Fiber Arts and Photography

I was just going to blog a client session this morning, but decided that is not what is needed today. I know the world has gotten rather frenetic these days for many of us. I feel like We don’t know how to slow down and just be anymore. It is so hard to find the time to unplug when text messages and emails and other push notifications make our phones ding and clatter at any moment. This has started to effect us all. We listen to books as we drive, we scan our email while waiting in line at one of the 2 or 4 different grocery stores on our weekly rotation, we eat lunch while blogging... I find things like handcrafts to be so centering. I still have to be mindful and tell myself I do deserve an hour or two away from my phone. And that can be hard, I know my mind swirls with all of the terrible possibilities that could possibly arise while I am not there to help deal with them. But barring any serious emergency, nothing will really happen if I take an hour or two off from answering emails or taking calls. Actually, I recently had a very stressful call, and a good friend told me to be silent and listen, leave pauses in the conversation to allow the other people time to take on some tough questions and answer them. And that lead to the 3 little photo embroidery cards now sitting in a wooden card holder, over my desk as reminders to Be Still, Breathe and Listen.

20190328_365 Project 2019_365.087_0013.jpg

I began sewing at a young age. I was not good at it. I believe I may have been the worst at sewing in my brownie troop. My mother, a fine art quilter, was the leader, so I pretty much know, I was the worst of the troop. I can tell you that, to this day, I kind of abhor anything that needs to be perfect. So pattern sewing, or anything requiring too much measuring, is pretty much out for me. But I do love sewing on images, and weaving on a lap loom, and needle felting little creatures. You can not help but to to Be Still, Breathe and Listen while practicing a handcraft.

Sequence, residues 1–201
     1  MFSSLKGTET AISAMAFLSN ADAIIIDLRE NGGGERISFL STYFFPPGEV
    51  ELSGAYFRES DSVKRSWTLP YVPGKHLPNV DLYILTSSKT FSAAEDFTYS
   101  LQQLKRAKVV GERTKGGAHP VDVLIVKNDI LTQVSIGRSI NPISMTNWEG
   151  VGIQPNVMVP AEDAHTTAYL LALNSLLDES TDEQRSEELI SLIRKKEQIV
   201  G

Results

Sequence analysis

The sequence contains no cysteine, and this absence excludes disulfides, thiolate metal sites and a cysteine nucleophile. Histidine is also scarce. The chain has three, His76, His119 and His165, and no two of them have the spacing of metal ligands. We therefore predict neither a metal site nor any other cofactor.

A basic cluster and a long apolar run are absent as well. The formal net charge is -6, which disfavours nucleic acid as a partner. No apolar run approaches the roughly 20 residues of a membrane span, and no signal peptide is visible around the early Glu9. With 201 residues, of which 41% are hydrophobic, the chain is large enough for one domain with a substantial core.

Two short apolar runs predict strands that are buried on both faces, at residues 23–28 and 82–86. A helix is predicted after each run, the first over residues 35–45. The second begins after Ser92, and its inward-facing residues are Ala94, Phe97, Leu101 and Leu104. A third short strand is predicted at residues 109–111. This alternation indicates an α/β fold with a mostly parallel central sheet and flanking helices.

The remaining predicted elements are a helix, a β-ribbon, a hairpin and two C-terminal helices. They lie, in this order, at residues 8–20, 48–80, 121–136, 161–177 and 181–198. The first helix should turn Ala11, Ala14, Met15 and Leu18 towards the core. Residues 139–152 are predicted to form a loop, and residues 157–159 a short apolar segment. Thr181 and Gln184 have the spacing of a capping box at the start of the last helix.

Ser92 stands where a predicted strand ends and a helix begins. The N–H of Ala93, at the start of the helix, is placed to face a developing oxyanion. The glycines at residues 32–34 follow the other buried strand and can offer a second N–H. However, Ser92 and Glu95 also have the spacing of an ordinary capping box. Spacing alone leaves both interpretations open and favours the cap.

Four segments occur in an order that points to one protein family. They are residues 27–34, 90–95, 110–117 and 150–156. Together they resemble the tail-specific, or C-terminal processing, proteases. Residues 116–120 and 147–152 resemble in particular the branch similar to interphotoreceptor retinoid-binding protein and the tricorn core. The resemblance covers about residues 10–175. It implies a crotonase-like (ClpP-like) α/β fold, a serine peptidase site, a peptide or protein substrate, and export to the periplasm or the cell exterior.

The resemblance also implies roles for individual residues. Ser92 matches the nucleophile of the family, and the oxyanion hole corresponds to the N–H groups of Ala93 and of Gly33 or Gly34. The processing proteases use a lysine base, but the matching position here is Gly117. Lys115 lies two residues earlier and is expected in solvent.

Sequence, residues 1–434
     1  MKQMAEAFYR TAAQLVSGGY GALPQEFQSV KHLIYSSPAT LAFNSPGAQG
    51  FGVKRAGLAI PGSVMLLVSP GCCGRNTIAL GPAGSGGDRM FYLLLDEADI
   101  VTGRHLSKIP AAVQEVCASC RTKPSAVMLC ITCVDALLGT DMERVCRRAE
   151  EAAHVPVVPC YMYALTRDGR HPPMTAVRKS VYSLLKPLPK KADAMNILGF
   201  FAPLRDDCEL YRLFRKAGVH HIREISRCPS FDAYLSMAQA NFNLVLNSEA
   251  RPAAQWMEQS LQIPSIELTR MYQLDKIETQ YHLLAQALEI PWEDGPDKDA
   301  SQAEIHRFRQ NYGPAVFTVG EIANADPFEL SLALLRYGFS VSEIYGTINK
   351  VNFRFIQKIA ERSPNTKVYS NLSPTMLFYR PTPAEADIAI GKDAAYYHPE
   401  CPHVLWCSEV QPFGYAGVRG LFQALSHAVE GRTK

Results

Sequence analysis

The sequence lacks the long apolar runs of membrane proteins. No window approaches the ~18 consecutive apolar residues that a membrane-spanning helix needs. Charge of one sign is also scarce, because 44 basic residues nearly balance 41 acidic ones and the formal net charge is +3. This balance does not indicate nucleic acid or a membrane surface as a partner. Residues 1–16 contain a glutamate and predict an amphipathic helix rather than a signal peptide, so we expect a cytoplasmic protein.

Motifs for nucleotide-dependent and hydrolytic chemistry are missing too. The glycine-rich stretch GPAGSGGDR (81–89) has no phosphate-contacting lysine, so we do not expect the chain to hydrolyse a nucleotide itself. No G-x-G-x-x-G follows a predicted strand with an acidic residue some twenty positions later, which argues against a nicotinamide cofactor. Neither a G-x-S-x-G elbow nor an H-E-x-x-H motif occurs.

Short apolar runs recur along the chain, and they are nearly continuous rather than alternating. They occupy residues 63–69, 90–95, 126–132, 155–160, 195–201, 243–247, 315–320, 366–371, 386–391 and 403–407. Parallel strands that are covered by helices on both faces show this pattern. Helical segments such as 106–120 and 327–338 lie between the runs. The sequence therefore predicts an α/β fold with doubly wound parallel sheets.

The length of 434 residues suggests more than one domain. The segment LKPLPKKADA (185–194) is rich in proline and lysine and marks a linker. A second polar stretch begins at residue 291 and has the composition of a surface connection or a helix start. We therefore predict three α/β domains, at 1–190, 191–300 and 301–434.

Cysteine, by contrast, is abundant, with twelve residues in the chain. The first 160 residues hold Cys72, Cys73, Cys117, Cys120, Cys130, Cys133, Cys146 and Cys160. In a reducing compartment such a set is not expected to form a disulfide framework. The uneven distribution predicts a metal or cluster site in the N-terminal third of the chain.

All of my little photos in this blog are 5X5 inch prints on thick, matte, card stock paper. Each stitch painstakingly made with a leather needle and embroidery thread. Some images are brand new, others are years old, but I wanted to show some before and after images from this series. All of the images were created on real film. If you look closely at the bottom left image, you can see that I do plan these out beforehand, even using tools. So I aim for symmetry, but never expect perfection, I just push the needle up, and down, then up again, and down again. Breathing along with each and every stitch.

20190328_365 Project 2019_365.087_0014.jpg
20190330_365 Project 2019_365.089_0010.jpg

I incorporate little things like beads or sequins and paint sometimes. But mostly I paint on my images with the embroidery thread.

20190330_365 Project 2019_365.089_0008.jpg
20190317_365 Project 2019_365.075_0022.jpg
20190330_365 Project 2019_365.089_0004.jpg
20190330_365 Project 2019_365.089_0003.jpg

This really is a relaxing, creative and fun project. If you use small prints, you can finish one or two in a nice afternoon of unplugging and sewing. Try not to seek perfection, as that often keep us from ever trying something new. An inexpensive print, a needle and thread and a few hours of zen time, is worth it, even if you do not end up with a perfect piece. But if you do end up with a piece that you love and feel proud of, share it with me so I can see your beautiful work!